3. Sniff through the passage:

We sniff for information. Reading actively is having a dialogue with the writer. As we read, we begin to ask questions, and subsequently try to find answers to the What, the Why, and the How of the passage, as we discussed in the previous post. We try to anticipate what’s coming. The first line of the passage usually reveals what happens in the first paragraph. The first para gives us an idea of what the first half of the passage contains. When we reach the end of the first half, we may be able to foresee what happens in the second half. This is most likely to happen in an analytical or an argumentative passage. Narratives may have twists and turns which make it more challenging to predict their course.

4. Summarise every paragraph of a difficult passage:

In a single reading, no matter how fast or slowly we read the passage, we must be able to understand enough to prepare a basic summary of the passage. We must know the topic, the writer’s main objective, and the process and information the writer uses to achieve the objective. If needed, we must have the summary written down before we hit the questions. If I am reading a dense abstract passage, I shall summarise each paragraph before I proceed to the next.  Each paragraph, in fact, each line in a passage contributes to the main objective of the writer. We must find that objective, and NOT deviate from our summary when we answer the questions.

5. Sit back, relax, and enjoy:

If you are confident of your summary, you will find it incredibly easy to answer the questions. There will be very little need to go back to the passage, except in the case of some direct and specific questions. In some cases, you may not have to revisit the passage at all. The taste of the passage lingers in the mind for long enough to answer the questions. There are passages that linger in my mind several years later, just like a rare vintage.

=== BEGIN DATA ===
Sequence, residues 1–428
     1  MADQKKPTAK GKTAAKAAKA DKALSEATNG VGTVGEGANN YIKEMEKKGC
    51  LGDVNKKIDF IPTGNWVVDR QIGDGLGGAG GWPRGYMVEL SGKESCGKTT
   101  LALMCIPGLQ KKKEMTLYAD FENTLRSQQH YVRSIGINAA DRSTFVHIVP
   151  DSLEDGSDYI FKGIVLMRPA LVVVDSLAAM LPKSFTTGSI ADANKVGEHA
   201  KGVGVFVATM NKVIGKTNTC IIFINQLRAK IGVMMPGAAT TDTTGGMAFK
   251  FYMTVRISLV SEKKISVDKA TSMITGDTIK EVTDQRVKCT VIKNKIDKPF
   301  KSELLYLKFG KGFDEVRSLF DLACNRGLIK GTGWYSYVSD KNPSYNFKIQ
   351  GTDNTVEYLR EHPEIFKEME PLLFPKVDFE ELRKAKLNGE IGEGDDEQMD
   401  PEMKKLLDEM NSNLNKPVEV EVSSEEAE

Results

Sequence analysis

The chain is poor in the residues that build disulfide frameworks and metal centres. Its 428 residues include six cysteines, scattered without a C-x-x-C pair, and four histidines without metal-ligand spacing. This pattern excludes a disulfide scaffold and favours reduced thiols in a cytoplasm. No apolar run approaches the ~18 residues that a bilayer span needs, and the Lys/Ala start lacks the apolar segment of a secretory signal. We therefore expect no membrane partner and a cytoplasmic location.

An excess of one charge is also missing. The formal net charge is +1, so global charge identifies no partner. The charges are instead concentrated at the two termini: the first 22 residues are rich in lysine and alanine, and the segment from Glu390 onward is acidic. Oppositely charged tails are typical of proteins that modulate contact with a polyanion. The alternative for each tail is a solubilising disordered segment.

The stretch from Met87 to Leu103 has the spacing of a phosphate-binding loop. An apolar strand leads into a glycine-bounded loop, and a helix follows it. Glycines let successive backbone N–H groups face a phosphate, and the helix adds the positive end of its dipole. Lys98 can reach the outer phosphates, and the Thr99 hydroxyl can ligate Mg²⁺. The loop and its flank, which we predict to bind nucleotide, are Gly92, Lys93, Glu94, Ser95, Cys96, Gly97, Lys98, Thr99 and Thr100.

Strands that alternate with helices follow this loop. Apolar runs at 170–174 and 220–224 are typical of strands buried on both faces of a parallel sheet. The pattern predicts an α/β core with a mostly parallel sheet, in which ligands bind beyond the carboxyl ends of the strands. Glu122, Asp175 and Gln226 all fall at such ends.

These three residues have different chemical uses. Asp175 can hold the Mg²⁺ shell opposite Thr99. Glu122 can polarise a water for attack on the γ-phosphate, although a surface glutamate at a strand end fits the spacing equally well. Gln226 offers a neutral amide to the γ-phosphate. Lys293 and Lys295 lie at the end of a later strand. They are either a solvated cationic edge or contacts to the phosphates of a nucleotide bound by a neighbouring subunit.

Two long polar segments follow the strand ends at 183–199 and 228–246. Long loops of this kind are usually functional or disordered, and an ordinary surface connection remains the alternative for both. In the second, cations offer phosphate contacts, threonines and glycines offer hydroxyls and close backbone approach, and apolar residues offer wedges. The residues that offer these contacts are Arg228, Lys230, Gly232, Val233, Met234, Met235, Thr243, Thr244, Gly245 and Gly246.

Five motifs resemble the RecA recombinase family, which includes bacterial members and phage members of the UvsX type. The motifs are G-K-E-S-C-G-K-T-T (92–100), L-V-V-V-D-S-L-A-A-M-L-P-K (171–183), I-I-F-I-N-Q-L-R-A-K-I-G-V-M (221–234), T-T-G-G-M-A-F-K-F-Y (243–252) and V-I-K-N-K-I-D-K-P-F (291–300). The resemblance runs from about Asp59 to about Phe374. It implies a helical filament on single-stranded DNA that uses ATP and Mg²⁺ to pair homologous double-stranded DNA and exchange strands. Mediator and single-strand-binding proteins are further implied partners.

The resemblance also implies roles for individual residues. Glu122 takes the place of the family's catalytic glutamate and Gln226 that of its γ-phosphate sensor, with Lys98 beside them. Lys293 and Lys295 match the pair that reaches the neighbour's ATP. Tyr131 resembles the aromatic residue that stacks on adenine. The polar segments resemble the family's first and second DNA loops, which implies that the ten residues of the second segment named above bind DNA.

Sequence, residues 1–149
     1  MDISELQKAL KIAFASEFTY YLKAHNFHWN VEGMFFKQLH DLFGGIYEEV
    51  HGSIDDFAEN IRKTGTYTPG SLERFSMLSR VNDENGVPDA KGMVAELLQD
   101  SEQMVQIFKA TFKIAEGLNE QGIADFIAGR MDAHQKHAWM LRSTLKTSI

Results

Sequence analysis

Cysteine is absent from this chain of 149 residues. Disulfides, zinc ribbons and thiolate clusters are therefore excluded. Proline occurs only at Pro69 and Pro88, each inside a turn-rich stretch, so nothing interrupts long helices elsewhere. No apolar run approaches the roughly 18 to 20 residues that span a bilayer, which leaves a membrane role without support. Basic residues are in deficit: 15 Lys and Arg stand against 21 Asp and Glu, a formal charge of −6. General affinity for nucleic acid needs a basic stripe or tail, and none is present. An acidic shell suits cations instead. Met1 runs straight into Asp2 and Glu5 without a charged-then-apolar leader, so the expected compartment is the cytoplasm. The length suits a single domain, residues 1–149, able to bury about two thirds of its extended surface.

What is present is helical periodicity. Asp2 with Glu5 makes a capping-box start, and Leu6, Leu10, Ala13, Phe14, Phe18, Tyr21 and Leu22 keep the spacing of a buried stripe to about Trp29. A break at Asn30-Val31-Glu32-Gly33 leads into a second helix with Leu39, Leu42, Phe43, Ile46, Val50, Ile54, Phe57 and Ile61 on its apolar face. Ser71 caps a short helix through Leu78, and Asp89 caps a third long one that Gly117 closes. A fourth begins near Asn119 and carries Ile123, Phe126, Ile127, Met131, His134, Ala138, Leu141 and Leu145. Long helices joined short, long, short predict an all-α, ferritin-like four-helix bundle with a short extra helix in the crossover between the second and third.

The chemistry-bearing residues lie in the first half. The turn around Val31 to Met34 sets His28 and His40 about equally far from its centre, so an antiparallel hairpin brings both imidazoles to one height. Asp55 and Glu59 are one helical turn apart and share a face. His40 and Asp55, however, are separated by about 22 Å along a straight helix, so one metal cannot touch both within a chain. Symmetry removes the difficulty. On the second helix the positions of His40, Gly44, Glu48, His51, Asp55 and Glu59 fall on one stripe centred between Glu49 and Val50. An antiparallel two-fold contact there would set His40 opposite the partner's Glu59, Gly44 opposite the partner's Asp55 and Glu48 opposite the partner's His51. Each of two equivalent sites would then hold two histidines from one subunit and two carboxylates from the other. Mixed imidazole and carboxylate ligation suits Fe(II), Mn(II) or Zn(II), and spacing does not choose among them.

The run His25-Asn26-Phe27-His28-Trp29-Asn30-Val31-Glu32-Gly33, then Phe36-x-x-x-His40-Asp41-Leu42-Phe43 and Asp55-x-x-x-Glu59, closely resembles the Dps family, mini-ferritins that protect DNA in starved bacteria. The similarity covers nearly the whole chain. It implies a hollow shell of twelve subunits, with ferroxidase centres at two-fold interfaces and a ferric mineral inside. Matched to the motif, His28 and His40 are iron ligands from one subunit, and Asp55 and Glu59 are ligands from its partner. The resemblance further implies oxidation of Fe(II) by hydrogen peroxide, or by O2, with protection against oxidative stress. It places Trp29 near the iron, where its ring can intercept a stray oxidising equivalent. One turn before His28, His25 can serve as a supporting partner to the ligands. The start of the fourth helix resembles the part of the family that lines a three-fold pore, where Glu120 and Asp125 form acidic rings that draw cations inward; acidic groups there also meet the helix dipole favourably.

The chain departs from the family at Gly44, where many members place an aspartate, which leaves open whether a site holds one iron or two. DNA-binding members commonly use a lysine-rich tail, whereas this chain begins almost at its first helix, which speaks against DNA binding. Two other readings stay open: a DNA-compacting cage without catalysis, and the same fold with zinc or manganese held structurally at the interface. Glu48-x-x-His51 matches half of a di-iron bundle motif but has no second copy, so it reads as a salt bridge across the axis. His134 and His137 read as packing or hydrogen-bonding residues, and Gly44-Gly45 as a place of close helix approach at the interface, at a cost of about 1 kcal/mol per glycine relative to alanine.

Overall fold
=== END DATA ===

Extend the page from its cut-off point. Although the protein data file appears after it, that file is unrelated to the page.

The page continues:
DO NOT read the questions before reading the passage. That’s tantamount to buying wine by the price tag. The questions offer very little idea about what the passage contains. They neither follow the flow of the passage nor have the answers explicitly given in the passage. Reading the questions first invariably means trying to find the answers. It only distracts the reader from understanding the core message of the passage.

If the RC passages are wine, the questions of Reasoning, Grammar, and Vocabulary are the cheese, fruit, and bread. After you have tasted a wine, they should work as palate cleansers before you taste the next. That gives us a necessary mental break.

I feel everything we do in life has a grander purpose which if perceived can elevate an everyday experience to an enlightening inward journey.

You do not have Montrachet because you can afford it, or you need to drown your sorrows, or you are happy and want to celebrate.

You have Montrachet for only one reason: to learn that you have a yet finer and softer side to yourself that you haven’t hitherto discovered.

You don’t read an RC passage because there is an exam you need to pass. You don’t read it because you think you are good at it. You don’t read it because you need to get out of it.

You read an RC passage only because it tells you something new, a perspective you have never seen before.

You can also see: Reading Comprehension for CAT – Different types of Questions

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4 responses to “A Wine-lover’s Guide to CAT Reading Comprehension Strategies”

  1. Ravikumar says:

    I am b com degree student
    I am intreset is business

  2. AK says:

    Can i just say that this write up was absolutely beautiful.

  3. Sumanth says:

    Awesome write up on Wine and RC

  4. Simi says: